More runners going ‘barefoot’ in Summit County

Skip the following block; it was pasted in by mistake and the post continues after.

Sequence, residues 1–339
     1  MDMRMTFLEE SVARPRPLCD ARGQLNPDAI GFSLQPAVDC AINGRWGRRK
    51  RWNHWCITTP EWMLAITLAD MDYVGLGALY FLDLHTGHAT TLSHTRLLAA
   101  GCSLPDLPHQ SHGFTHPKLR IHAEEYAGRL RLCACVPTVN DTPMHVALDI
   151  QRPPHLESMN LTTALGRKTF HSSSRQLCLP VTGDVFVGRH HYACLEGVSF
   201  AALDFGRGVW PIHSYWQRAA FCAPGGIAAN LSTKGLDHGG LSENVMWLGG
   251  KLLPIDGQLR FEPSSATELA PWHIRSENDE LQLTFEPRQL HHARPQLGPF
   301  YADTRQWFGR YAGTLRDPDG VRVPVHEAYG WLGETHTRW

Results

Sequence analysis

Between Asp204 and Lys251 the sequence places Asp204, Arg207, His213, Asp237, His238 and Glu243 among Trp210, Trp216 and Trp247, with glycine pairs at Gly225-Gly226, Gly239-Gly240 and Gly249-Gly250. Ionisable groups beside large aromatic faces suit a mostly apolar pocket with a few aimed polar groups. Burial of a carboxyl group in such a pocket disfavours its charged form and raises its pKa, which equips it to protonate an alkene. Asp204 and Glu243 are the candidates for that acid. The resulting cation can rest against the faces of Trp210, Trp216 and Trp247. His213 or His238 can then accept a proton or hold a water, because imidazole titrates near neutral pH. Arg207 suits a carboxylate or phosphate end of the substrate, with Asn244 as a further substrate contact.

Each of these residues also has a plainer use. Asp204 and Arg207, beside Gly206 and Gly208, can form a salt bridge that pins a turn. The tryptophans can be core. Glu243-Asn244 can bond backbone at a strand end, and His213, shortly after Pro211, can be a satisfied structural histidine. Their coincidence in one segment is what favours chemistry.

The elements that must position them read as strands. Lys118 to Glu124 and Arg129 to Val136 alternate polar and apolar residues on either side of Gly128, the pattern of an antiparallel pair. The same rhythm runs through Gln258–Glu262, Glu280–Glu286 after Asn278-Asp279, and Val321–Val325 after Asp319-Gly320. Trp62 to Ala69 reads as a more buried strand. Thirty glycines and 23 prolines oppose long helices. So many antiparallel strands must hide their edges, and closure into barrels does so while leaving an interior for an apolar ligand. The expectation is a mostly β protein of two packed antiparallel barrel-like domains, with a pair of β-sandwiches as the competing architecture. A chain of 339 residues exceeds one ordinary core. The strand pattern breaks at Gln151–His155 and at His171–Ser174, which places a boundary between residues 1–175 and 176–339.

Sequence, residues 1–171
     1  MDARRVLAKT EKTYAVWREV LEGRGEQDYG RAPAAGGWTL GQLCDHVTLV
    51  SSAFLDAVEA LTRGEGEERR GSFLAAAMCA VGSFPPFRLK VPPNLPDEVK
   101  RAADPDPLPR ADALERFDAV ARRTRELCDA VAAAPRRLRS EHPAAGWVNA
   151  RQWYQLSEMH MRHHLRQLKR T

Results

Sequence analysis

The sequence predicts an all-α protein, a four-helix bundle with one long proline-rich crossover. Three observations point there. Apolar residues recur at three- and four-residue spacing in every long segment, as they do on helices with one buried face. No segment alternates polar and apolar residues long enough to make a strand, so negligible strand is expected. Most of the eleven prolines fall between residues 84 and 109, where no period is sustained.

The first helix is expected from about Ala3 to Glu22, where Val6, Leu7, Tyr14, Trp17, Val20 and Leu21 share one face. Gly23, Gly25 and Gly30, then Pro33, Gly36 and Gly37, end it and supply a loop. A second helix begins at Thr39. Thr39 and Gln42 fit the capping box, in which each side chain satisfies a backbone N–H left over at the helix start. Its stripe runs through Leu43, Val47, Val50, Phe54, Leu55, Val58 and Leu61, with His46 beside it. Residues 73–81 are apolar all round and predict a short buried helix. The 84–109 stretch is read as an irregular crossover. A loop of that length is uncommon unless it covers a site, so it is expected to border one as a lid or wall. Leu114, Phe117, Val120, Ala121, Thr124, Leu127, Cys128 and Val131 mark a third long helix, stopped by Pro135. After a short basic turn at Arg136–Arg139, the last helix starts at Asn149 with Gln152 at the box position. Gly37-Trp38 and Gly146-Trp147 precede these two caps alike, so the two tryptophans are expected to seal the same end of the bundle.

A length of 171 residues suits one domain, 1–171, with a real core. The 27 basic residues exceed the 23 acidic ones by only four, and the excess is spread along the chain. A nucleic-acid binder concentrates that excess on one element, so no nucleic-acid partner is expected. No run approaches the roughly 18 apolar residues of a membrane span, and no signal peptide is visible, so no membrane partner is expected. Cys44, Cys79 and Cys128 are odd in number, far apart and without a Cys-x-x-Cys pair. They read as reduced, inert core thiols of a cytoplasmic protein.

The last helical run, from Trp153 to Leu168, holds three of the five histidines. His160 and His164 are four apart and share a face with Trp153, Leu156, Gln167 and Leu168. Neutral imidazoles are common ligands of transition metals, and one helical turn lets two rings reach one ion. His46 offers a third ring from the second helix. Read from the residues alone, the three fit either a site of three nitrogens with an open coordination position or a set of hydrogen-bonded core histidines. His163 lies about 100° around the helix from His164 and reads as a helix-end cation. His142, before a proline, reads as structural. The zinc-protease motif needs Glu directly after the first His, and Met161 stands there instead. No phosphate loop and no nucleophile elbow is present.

SUMMIT COUNTY, Colorado – When most folks go for a jog, they wear their running shoes. But a growing number of folks locally, and even nationally, are joining the barefoot movement – running with an outer-sole to protect the foot, but nothing else.”You run with no shoes,” said Laura Eilers, a local woman who’s training barefoot. “Or run with FiveFingers. For me, the inspiration is to get to feel the ground under my feet. I feel I run faster and more effectively when I run barefoot. I still run at a snail’s pace, but I feet a lot stronger running that way.”And Eilers isn’t alone. She’s part of a growing trend to return to the roots of running, like humans’ first ancestors did – without supportive running shoes.”It definitely feels a little interesting,” Eilers said. “You get to feel the earth beneath you. It gets you more in tune with the surface you’re running on and you get to spread your toes out.”Doc PJ Perrinjaquet, a longtime Summit County physician, is a convert to barefoot running as well.”I’ve been running in homemade tire sandals since I gave away my running shoes to a diabetic in Vanuatu and made my own from tires left after WWII and [a] kerosene lantern wick,” Perrinjaquet said. “I’ve completed a dozen Mountain Crest trail marathons in homemade tire sandals since without an injury.”According to Perrinjaquet, he’s seen research supporting barefoot running because “running on the forefoot is healthier than a heel strike, and running barefoot or with minimal support forces one to run up on their toes.” But he also noted that “I don’t know if there is enough research in the sports medicine literature yet to make a general recommendation. Ultimately, each runner has to try different things to find out what works for their unique biomechanics.”Why run barefoot?Dr. Ivo Waerlop, a Dillon chiropractor, is definitely a supporter of barefoot running – he even said he worked on an advisory committee to Vibram, the company making the FiveFinger, an outer-sole used to protect a person’s feet. This product is often used by barefoot runners because it has “five fingers” for toes and simulates the feeling of being barefoot.Waerlop, along with his partner in Summit Chiropractic and Rehabilitation, Dr. John Asthalter, said modern running shoes allow people to strike the ground heel first, causing too much stress on their ankles, knees and hips. Runners who heal-strike experience more injuries, they said, and without supportive running shoes their bodies wouldn’t even allow them to do it because it would hurt. And without modern shoes, people would adapt to their environment by running on their mid-foot or the balls of their feet – a better way for the body to cushion the shock created by feet striking the ground.”Shoes pretty much decrease how we use our muscles in our feet,” Waerlop said. “And if the base (feet) isn’t solid, it effects all structures above it (ankles, knees, hips, etc.). … The foot is key. It’s the first interface with the ground.” To Waerlop, barefoot running can improve mechanical functions of a person’s lower extremities because feet provide body-position awareness. “Feet tell the brain where the body is in space,” Waerlop said. “A lot of information is passing from the feet to the brain – what helps to control balance. Balance and coordination are off when feet are always encased in shoes. If you don’t know where body parts are in space, injury is more likely.”Asthalter also noted that the human body was always designed to be walking on uneven surfaces while barefoot. “Anything else is going to be changing the way the brain works,” he said. “The brain is adaptable, but it was designed to do it without shoes. Otherwise you’d be born with shoes, or with hooves.”Even so, both Waerlop and Asthalter agreed that barefoot running isn’t for everyone, and it takes time to be able to do it. People have been wearing shoes since infancy, so foot and leg muscles used when barefoot running are underdeveloped.”It’s not for every person to just go out and do,” Waerlop said. “We emphasize in training that people need to go slowly, they need to build up their strength in their feet and calves slowly, and they need to make sure they have the type of foot for barefoot training.”Waerlop added that people with excessively flat feet, pre-existing injury or people with especially rigid feet aren’t generally candidates for barefoot training. If they’re interested, they must see a professional to find out if it’s possible.”For a lot of people, you can’t just get off the couch and do it,” Waerlop said.Eilers, who suffers from knee and ankle pain, started out with barefoot training slowly, and under the supervision of a specialist.”It’s been a six-month process for me,” Eilers said. “I walked around in them (fivefingers) first for six months before I started running in them.”Waerlop and Asthalter both recommend wearing Vibram fivefingers to provide runners some protection for their skin since people’s feet aren’t generally tough enough to go truly barefoot for any length of time.And Waerlop suggests: “Go slow. If you’re going to embark on your own and it continues to hurt, someone should look at it.”Vibram fivefingers can be purchased locally at Wilderness Sports. “You get some funny looks from people out on the trail,” Eilers said of her fivefingers. “It’s a fairly entertaining conversation to be having with people who haven’t seen them before. It looks like little ninja shoes.”To take a barefoot running clinic, contact Waerlop and Asthalter at Summit Chiropractic & Rehabilitation, (970) 513-9234. The next clinic is Tuesday evening. Call for more information.SDN reporter Caitlin Row can be reached at (970) 668-4633 or at email@example.com.
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